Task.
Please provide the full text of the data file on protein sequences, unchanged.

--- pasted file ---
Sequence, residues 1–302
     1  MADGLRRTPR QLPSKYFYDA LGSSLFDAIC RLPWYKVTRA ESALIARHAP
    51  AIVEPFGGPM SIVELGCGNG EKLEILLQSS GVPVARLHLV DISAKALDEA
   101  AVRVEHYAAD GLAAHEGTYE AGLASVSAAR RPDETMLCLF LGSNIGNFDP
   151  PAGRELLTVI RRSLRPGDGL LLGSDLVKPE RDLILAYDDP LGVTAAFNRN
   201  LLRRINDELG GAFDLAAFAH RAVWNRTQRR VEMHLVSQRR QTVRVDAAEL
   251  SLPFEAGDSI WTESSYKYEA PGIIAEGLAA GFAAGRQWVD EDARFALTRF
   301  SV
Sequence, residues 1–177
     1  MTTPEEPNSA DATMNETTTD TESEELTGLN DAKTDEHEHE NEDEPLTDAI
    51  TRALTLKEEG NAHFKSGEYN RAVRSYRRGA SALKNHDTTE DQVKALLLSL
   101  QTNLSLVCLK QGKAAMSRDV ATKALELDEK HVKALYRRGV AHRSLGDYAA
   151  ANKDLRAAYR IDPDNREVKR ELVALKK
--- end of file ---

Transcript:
Sequence, residues 1–302
     1  MADGLRRTPR QLPSKYFYDA LGSSLFDAIC RLPWYKVTRA ESALIARHAP
    51  AIVEPFGGPM SIVELGCGNG EKLEILLQSS GVPVARLHLV DISAKALDEA
   101  AVRVEHYAAD GLAAHEGTYE AGLASVSAAR RPDETMLCLF LGSNIGNFDP
   151  PAGRELLTVI RRSLRPGDGL LLGSDLVKPE RDLILAYDDP LGVTAAFNRN
   201  LLRRINDELG GAFDLAAFAH RAVWNRTQRR VEMHLVSQRR QTVRVDAAEL
   251  SLPFEAGDSI WTESSYKYEA PGIIAEGLAA GFAAGRQWVD EDARFALTRF
   301  SV
Sequence, residues 1–177
     1  MTTPEEPNSA DATMNETTTD TESEELTGLN DAKTDEHEHE NEDEPLTDAI
    51  TRALTLKEEG NAHFKSGEYN RAVRSYRRGA SALKNHDTTE DQVKALLLSL
   101  QTNLSLVCLK QGKAAMSRDV ATKALELDEK HVKALYRRGV AHRSLGDYAA
   151  ANKDLRAAYR IDPDNREVKR ELVALKK